A quick post to keep things moving along during the holiday. Brian Burke at Advanced NFL Stats has recently been trumpeting success rate as a useful measure that he’s used for a while without knowing quite how useful it is. For example, it may be more predictive of future success than per-play efficiency, which he (and I) have been using with some success. Given its apparent consistency, I was curious if this is finally the measure we’ve been looking for that would give us a measure of performance that we can use from year to year. As readers of the Wages of Wins should know, quarterbacks are not very consistent from year to year. The linked article says that 70% of an NBA player’s win score can be predicted by their win score the previous season. That is, the R square should be .7 and thus the correlation around .83. In contrast, the WoW QB score values are only 15% and .39. So quarterbacks appear to vary wildly from one season to the next. The numbers are similar if you use the stats created by Football Outsiders. What about the Advanced NFL Stats stats?
I got the quarterback data from Brian’s site for quarterbacks that played the past five years (2005 to 2009). I aligned the data so that one column has the quarterback’s statistics from year n and the next column has the same quarterback’s stats from year n-1. Thus I eliminated any seasons that were not consecutive, and obviously any quarterback who only played one year. I believe that Brian limits the data to only show quarterbacks who attempted a certain number of throws; the smallest number of attempts in the sample is 144. Finally, I limited the stats of interest to win probability added (WPA) per game, expected points added (EPA) per play, and success rate (SR%). I did this so that quarterbacks could be compared regardless of the number of passes thrown or games played in a season. Then I simply correlated each measure in year n with the same measure for the same quarterback in year n-1 (I also threw them into a scatterplot in Excel and fit a linear trend so I could get the equation/R squared). The final sample is 102 season pairs from about 50 quarterbacks.
WPA/game had the lowest predictive power, with a correlation of .29 for an R squared of only .085. Thus you can only explain 8.5% of a quarterback’s WPA/game with their performance from the previous season. The equation is .241*(WPA last year) + .0459. Moving to EPA things get a little better; the correlation is .496 for an R squared of .246, so we’re up to 24.6% explained. The equation is .403*(EPA last year) + .0517. And finally, success rate does indeed prove more predictive. It has a correlation of .558 for an R squared of .311. So of all the measures I’m aware of, success rate proves to be the most predictive for future quarterback performance, and it explains 31.1% of what a quarterback is doing, or less than half of what win score does for NBA players.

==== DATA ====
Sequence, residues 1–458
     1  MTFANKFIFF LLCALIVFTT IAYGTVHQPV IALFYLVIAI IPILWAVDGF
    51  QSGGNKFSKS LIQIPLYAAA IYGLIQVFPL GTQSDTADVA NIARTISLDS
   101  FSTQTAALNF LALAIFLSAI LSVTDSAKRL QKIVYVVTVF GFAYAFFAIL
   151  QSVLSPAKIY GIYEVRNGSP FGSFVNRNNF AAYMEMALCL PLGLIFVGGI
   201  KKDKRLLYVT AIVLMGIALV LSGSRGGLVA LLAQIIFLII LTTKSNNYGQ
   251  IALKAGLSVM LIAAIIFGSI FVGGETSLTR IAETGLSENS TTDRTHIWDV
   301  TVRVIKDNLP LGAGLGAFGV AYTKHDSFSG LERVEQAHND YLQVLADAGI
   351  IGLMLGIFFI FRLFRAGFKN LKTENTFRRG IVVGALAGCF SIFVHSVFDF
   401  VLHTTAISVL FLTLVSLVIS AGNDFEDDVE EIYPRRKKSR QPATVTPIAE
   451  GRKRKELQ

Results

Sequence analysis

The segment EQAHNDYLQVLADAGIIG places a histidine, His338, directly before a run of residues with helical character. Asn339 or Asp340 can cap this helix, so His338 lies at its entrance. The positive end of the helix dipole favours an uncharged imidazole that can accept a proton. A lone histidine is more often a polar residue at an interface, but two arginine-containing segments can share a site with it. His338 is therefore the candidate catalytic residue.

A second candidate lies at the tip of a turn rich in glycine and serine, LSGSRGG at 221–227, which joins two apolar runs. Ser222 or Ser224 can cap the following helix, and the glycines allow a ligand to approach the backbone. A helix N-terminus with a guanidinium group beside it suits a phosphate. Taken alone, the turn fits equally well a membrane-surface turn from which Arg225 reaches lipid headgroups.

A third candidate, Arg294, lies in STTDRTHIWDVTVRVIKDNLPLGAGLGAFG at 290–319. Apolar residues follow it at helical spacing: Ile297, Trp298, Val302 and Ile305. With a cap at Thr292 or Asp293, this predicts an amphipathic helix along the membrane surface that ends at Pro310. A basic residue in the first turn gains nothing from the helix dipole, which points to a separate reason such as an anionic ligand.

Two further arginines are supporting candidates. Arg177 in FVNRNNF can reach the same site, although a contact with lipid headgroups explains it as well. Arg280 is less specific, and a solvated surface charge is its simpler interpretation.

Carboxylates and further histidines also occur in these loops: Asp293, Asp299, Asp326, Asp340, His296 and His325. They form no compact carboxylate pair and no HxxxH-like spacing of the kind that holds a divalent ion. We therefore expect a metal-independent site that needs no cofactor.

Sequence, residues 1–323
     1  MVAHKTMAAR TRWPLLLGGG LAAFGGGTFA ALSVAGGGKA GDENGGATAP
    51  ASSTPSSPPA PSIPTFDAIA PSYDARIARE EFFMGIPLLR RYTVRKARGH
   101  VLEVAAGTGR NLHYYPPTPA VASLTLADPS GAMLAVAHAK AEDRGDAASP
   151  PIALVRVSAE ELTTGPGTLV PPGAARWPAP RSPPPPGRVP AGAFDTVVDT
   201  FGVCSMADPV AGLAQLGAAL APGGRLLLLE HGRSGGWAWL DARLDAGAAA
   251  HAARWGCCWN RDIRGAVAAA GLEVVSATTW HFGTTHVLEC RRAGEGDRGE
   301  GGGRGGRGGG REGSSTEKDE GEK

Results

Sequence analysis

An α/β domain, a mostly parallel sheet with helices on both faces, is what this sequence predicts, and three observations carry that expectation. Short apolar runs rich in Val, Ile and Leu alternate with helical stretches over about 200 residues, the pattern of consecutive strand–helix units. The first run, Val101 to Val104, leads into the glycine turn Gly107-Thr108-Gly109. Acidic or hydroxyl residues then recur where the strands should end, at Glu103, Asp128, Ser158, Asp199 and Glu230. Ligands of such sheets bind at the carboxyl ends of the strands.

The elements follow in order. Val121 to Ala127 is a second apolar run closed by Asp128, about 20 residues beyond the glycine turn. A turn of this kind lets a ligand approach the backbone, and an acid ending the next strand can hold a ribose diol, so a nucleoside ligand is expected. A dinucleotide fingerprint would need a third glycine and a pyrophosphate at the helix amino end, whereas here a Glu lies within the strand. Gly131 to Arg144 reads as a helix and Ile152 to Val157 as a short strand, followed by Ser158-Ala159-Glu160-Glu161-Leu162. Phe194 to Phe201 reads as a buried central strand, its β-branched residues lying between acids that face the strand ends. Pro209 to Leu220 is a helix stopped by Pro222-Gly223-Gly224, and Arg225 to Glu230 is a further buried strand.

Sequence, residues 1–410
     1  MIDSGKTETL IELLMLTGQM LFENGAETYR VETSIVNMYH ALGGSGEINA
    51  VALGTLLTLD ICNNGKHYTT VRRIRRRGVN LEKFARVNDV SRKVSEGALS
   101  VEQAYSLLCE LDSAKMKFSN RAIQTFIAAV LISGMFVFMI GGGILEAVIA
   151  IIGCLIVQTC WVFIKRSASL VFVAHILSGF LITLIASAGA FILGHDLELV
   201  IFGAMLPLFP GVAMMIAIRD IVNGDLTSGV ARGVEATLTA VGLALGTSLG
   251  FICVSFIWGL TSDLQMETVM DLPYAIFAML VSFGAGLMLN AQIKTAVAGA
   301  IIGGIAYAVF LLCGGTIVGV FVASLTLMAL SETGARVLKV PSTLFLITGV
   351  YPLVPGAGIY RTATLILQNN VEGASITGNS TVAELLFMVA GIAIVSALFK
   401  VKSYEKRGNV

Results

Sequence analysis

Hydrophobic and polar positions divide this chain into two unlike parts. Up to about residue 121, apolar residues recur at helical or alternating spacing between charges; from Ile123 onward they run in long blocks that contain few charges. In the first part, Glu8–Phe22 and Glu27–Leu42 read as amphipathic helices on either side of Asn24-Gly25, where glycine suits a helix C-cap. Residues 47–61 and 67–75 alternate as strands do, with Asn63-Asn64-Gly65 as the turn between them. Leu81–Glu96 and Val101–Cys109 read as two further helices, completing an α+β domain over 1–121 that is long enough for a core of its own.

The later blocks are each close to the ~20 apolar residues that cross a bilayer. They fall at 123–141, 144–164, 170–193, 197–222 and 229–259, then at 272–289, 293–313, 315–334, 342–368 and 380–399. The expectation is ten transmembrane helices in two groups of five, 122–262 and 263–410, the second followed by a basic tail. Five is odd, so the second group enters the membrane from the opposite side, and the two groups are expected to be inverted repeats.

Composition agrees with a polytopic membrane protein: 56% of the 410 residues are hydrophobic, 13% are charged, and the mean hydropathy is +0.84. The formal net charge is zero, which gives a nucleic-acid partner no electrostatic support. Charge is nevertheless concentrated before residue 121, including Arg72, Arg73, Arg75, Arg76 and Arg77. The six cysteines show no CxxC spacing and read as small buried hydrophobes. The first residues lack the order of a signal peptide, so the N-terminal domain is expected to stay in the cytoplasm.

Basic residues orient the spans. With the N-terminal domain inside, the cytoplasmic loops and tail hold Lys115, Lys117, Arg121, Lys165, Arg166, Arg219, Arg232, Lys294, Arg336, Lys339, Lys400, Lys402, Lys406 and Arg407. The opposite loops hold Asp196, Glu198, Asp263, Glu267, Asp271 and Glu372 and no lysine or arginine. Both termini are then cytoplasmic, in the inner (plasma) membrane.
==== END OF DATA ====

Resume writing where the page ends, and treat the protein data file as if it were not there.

I think there are a few important things to note here. First, as Dave Berri said,
“What does this mean? In a given season we see some quarterbacks are good, others are not so good. But the next season we can look at these same quarterbacks and see a very different ordering. Why does this happen? We have argued that how a quarterback’s teammates performs impact the quarterback’s value. In other words, quarterbacks may make their teammates better, or their teammates may make the quarterback better. The stats, though, can’t tell us which story is correct.
Consequently, the player statistics tracked in the NFL do not serve the purpose statistics serve in basketball and baseball. It is not clear that a rigorous analysis of the player statistics in the NFL would ever allow us to separate the player from the team.”
It’s possible that some of Brian’s (or other people’s) stats are more predictive from year to year for positions other than quarterback. But I doubt they would be too much better, for the same reason as the quarterbacks: performance depends too much on teammates (I would argue, mostly the offensive line). This is still true even with success rate; a correlation of .558 is fairly impressive, but we still aren’t describing a lot of what’s going on.
Second, this inconsistency isn’t to say that you can’t tell which quarterbacks are good and which are bad (although it certainly muddies the water). Peyton Manning has been above average in this sample every year, as has Drew Brees. What it means is that you can’t tell how good your good quarterback will be, or how bad your bad quarterback will be. And if your quarterback isn’t Peyton or Drew, then it is very possible that you’ll have no idea if he’ll be good or bad next year. Looking at WPA, Eli Manning has been pretty good, average, bad, pretty good, and great. Kurt Warner was ok, bad, ok, great, then ok. And of course Brett Favre is known for going back and forth from year to year; he’s been terrible, average, great, bad, and great.
Third, since we’re talking about WPA, this is further evidence for the non-existence of clutch performance. WPA is a measure of how much a player has affected his team’s chances of winning. It is particularly susceptible to high-leverage moments: in a close game a team will have a win probability of around 50% (by definition), and a touchdown to seal the game or an interception that gives it away will move WPA by a large amount (toward 100% or 0%). Since WPA/game appears to jump around from season to season, it’s hard to claim that any quarterback (at least in this sample, but of course I would say ever) is ‘clutch’ as a personality characteristic.
Finally, this doesn’t mean that predicting games is impossible. What it means is that it is probably next to useless to predict one season from the previous one. When player performance varies so much, it’s hard to say who will be good next year. And that is why hope springs eternal, apparently more in the NFL than the NBA.